The large majority for his La République En Marche in the National Assembly elections in France has cleared the path for President Emmanuel Macron’s government to implement his ambitious, if sometimes contentious, policies. Along with its Democratic Movement allies, the LREM has won 350 of 577 seats. While the majority is smaller than the landslide many had predicted, the LREM’s performance continues to show that the old system is being crowded out, with the mainstream Socialist Party on the left and the Republicans on the right suffering severe setbacks. From running the previous government, the Socialists have been relegated to a historically low position with around 30 seats, and their leader, Jean-Christophe Cambadélis, has resigned after losing his own seat. The Republicans and their allies have won 137 seats, down from 199 seats in the previous Assembly. On the far left, the Insoumise have secured more than the 15 seats required to form a parliamentary group. This is less than what their charismatic leader Jean-Luc Mélenchon had hoped for, but he himself has retained his seat and the Insoumise would be looking to develop as an opposition movement, especially in light of the attenuating Socialist Party. The far right’s Front National, with its core xenophobic and nativist philosophy seen to be damaging not just to the Fifth Republic but to all of Europe, has done better than projected but is still well short of its goal of 15 seats.
Mr. Macron’s economic policy proposals are a mix of right and left. They include cutting government spending and jobs, while investing in strategic sectors and increasing the scope of some welfare schemes. He has also proposed making labour laws more flexible. The argument that such a large majority for the LREM is dangerous is valid insofar as a strong and sizeable opposition is the cornerstone of a healthy democracy. But the ‘neither left nor right’ criticism of Mr. Macron’s policies suggests an openness in the LREM’s ideology. Additionally, some three-quarters of the new legislators did not hold a seat in 2012, and therefore they contribute to a renewal of the Assembly. Mr. Macron’s first piece of legislation on ‘moralising’ politics, which seeks to bring greater probity into public life, is also good reason for optimism. Yet, Mr. Macron would do well to remember his presidential victory speech at the Louvre — a promise to reunite a deeply divided country and bring people back from the extremes. The need for this has been brought home again by a record abstention rate for the second round of elections on Sunday, of about 57%. If the month since the presidential election is any indication, Mr. Macron is well-placed to provide the strong leadership both Europe and the democratic world seem to need at the moment. This will have to start at home, where the way is now clear for him.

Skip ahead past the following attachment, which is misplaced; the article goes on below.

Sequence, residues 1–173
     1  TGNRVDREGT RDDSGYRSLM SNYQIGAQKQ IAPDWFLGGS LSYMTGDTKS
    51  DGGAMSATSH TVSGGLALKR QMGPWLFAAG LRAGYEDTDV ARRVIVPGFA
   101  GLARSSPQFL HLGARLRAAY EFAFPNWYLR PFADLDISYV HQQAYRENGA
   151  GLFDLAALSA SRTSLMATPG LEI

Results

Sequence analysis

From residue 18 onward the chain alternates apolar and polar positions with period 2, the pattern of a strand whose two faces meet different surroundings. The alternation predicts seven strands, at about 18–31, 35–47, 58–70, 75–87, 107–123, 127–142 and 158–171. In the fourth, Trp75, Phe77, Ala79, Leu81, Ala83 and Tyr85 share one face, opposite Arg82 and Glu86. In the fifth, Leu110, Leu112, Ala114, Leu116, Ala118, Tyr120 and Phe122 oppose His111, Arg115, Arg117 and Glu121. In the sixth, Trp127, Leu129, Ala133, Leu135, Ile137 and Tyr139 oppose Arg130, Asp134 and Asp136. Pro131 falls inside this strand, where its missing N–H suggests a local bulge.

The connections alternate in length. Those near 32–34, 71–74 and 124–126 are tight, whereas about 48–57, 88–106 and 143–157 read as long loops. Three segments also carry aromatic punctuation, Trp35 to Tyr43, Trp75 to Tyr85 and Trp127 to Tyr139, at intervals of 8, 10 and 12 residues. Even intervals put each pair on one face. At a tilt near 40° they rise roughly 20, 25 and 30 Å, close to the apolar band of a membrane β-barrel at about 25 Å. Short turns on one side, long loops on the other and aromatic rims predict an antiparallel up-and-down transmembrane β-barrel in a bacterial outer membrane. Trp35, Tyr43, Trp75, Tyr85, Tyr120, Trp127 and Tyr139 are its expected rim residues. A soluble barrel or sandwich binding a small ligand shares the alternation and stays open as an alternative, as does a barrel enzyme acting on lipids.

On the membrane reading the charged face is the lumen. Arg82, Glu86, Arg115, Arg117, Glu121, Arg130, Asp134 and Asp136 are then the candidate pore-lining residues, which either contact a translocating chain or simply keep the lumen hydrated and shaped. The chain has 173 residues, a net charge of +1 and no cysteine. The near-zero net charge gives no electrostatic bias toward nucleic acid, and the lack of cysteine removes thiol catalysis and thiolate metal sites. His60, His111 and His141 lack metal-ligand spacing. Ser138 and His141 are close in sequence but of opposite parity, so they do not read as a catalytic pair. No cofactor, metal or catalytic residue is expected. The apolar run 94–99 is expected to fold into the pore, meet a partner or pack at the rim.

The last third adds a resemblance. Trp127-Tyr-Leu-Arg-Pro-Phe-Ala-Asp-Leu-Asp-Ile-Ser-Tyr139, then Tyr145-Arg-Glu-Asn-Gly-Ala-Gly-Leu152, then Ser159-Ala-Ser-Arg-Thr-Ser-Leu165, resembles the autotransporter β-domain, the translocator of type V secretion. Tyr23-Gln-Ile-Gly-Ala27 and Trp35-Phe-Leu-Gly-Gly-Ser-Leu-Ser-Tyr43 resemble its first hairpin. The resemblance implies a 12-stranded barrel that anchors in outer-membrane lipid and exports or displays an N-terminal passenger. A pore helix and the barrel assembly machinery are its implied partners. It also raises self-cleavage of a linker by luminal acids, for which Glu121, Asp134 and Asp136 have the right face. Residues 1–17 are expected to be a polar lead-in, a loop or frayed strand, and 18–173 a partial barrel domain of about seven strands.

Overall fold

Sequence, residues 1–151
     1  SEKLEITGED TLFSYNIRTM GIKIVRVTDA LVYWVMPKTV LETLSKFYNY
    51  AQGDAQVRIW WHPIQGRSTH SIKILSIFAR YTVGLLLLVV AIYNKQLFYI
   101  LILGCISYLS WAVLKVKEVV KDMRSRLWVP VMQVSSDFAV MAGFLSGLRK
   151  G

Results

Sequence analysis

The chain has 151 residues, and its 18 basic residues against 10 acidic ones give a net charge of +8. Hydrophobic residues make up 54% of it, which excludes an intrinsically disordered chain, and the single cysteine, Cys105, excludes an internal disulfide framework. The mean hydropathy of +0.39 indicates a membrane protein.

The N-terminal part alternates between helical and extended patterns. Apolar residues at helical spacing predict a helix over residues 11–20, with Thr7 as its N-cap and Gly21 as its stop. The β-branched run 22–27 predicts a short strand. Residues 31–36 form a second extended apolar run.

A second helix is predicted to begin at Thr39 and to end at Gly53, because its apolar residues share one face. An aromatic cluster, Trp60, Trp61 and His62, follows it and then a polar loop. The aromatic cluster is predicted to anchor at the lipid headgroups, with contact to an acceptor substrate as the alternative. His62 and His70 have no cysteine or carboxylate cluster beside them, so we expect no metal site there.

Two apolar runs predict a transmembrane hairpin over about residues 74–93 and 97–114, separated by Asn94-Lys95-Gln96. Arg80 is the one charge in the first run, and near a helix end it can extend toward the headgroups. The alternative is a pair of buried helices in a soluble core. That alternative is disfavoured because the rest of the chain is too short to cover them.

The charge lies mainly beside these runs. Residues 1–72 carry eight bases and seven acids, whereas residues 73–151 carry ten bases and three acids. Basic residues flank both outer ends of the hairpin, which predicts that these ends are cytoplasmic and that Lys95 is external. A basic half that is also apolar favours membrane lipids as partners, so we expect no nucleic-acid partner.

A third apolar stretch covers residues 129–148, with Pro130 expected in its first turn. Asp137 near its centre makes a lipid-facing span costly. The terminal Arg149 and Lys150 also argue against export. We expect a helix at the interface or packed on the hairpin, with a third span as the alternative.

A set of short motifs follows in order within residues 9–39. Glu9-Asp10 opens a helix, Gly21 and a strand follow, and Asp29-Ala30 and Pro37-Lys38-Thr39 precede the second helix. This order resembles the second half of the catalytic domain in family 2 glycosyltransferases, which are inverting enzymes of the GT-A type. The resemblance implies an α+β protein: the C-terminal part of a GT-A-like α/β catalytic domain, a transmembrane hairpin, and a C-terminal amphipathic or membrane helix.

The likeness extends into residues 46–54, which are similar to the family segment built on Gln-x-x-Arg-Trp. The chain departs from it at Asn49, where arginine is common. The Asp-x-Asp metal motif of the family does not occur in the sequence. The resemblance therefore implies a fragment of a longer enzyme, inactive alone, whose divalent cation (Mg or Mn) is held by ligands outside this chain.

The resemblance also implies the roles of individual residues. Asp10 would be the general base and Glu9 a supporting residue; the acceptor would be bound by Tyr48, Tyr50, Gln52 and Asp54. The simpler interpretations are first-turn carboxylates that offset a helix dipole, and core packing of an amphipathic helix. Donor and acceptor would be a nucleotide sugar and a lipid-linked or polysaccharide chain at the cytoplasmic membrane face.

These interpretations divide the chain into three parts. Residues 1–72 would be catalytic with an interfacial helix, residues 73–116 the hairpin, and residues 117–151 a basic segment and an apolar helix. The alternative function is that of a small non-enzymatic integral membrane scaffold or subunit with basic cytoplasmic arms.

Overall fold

Source: The Hindu – Editorials